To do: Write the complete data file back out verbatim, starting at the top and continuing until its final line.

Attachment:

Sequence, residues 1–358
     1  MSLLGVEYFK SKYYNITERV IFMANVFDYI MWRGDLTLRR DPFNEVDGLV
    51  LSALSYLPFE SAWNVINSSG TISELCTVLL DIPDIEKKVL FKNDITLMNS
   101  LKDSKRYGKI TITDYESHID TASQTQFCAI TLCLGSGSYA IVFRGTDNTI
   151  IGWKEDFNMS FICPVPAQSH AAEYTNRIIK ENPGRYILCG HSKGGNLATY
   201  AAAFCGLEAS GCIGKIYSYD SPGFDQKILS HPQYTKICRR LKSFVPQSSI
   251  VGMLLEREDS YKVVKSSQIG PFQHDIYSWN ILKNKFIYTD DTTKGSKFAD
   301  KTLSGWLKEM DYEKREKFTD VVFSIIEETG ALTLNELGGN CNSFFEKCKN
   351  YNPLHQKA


Sequence, residues 1–358
     1  MSLLGVEYFK SKYYNITERV IFMANVFDYI MWRGDLTLRR DPFNEVDGLV
    51  LSALSYLPFE SAWNVINSSG TISELCTVLL DIPDIEKKVL FKNDITLMNS
   101  LKDSKRYGKI TITDYESHID TASQTQFCAI TLCLGSGSYA IVFRGTDNTI
   151  IGWKEDFNMS FICPVPAQSH AAEYTNRIIK ENPGRYILCG HSKGGNLATY
   201  AAAFCGLEAS GCIGKIYSYD SPGFDQKILS HPQYTKICRR LKSFVPQSSI
   251  VGMLLEREDS YKVVKSSQIG PFQHDIYSWN ILKNKFIYTD DTTKGSKFAD
   301  KTLSGWLKEM DYEKREKFTD VVFSIIEETG ALTLNELGGN CNSFFEKCKN
   351  YNPLHQKA